Instead of a bidding competition based on price, this structure would require a more traditional government selection phase in which only those companies judged as "qualified" could receive pre-paid launch service contracts. To maximize innovation and private investment, it would be useful to open up the process and utilize the Bantam appropriation to extend pre-paid launch service contracts to all "qualified" companies willing to bid at the stated Bantam price ($1.5 million to launch 150 kilograms to a 200-nautical-mile sun-synchronous orbit).

    Launch contracts include a legal obligation to launch by a future date, and the contracted company would maintain a financial liability on its books until successful delivery of launch services. This is an important distinction – "grants" with a launch as a deliverable of the grant would look a pre-paid launch contract. But they might allow a company to say "We tried" and walk away without any legal obligation. Without a legal obligation to launch, or a legal obligation to repay the grant with interest upon failure to supply a launch, this type of "grant" would constitute a direct federal subsidy of an operational launch vehicle.

    Some variants of pre-paid launch service contracts may be difficult under the Federal Acquisition Regulations, or illegal under current U.S. law. In such a case, an amendment or waiver of the current regulations, or legislative action to create new law, may be needed.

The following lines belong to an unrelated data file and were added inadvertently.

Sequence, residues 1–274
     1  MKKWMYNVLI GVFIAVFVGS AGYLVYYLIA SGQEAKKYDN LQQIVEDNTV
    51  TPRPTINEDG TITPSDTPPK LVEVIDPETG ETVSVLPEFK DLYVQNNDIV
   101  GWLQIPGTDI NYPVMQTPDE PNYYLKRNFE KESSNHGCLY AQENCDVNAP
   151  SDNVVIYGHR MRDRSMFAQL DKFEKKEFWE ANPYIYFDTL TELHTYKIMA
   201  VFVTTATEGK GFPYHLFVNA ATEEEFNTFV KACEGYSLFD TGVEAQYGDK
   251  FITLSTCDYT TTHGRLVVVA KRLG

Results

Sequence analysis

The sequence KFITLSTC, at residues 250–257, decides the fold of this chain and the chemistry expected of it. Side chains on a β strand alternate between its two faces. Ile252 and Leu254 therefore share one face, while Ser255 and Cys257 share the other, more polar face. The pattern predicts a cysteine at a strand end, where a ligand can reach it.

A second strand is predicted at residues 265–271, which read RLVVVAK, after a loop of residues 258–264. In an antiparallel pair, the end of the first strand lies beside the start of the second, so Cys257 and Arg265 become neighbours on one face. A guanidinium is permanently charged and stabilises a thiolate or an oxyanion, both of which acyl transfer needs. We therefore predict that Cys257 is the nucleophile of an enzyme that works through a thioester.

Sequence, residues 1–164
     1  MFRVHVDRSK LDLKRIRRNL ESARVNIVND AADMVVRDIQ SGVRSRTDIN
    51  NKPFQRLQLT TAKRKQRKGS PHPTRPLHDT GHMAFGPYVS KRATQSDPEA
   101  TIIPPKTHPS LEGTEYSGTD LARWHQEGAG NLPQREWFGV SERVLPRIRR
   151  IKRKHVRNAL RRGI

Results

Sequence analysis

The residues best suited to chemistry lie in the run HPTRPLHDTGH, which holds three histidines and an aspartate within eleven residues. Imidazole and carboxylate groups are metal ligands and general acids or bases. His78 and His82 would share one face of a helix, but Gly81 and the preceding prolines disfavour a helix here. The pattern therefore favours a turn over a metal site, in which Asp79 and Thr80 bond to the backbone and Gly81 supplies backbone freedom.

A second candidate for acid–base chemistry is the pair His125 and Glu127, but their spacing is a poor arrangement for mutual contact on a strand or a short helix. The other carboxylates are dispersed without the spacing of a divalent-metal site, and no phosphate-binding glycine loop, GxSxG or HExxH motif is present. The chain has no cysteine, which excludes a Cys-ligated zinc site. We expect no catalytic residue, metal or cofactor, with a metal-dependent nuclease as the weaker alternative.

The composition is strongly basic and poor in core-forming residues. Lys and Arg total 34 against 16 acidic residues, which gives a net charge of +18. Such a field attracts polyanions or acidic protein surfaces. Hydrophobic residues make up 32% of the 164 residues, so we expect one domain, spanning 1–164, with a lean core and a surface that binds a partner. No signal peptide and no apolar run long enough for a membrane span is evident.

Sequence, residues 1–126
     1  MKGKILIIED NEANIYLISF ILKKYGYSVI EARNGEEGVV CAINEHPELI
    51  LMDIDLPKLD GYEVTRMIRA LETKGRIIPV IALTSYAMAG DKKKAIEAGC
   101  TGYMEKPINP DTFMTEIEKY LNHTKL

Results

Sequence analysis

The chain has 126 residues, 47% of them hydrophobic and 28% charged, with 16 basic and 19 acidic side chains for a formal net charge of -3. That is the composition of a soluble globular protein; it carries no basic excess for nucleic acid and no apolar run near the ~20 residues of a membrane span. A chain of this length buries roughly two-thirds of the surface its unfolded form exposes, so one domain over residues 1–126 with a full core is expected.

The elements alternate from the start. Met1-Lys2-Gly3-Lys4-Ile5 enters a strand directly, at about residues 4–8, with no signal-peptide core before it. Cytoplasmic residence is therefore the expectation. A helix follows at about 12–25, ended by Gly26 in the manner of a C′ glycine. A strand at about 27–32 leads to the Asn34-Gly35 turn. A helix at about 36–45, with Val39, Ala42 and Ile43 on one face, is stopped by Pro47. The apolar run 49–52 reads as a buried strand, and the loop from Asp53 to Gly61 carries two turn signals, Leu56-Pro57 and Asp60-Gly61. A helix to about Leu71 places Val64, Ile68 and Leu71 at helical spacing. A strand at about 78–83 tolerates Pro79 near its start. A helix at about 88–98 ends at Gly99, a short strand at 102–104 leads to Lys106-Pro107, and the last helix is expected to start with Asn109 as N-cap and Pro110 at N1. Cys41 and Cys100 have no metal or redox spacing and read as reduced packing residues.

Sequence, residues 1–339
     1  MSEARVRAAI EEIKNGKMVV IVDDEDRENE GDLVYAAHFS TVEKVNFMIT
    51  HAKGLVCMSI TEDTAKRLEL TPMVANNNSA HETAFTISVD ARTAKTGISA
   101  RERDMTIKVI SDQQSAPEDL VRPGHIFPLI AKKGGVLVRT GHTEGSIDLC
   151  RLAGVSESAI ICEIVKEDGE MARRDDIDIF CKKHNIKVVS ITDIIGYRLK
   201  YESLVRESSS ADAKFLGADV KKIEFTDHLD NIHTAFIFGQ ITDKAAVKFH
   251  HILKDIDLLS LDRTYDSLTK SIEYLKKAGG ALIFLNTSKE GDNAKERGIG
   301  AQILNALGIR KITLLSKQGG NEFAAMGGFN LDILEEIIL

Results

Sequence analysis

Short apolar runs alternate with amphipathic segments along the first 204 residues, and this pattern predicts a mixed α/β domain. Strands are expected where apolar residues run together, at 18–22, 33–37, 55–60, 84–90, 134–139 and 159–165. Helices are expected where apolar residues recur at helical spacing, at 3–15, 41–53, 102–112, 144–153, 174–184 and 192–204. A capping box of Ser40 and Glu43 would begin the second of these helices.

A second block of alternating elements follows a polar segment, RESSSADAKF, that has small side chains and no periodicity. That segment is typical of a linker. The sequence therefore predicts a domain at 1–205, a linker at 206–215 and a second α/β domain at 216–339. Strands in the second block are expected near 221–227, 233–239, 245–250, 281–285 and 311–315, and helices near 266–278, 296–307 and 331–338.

3) Launch Vouchers:

    Vouchers are used through-out the U.S. government to purchase a variety of services in a cost-effective, timely and non-bureaucratic manner. Customers of launch services (for example, university researchers) would apply for and receive a launch voucher from the government at a fixed price (i.e. $1.5 million), and use this to negotiate launch services with the provider of their choice. The government would focus on the process of distributing vouchers to universities or other qualified not-for-profit entities. To encourage negotiations for the best price, universities would get to keep part or all of the savings they can negotiate from the launch services provider, or they may simply negotiate a larger payload or higher orbit. Upon delivery of launch services, the voucher could be redeemed at the negotiated price by the provider.

    As can be seen, launch vouchers have an additional benefit over and above launch service contracts – they put the purchasing power into the hands of the real customer of launch services. Such a voucher program could be implemented as a Phase III of the Bantam program – after initial Phase II deliveries to orbit are accomplished (financed by launch services contracts), participating companies would be qualified to launch payloads financed by vouchers. In the long run, the Space Frontier Foundation believes that a voucher system is the mechanism the U.S. government should use to deliver space transportation services to Bantam-class government customers.

    4) Prizes:

    Prizes have a long and illustrious history in encouraging radical breakthrough thinking, and in pressing forward the frontiers of human activity and accomplishment. Prizes have some unique advantages: 1) all approaches to accomplishing the goal have equal footing – there is no "right" approach, 2) rapid development and speed (traits conducive to success in a free and open market) are heavily rewarded, and 3) the government only pays for success. The Space Frontier Foundation is a strong supporter of prizes – we are currently offering the "Cheap Access to Space Prize" of $250,000 to the first privately-developed and produced launch of a 2-kilogram payload to 200 kilometers altitude (for more details, contact David Anderman, CATS Prize Chairman, at DavidA@cwo.com).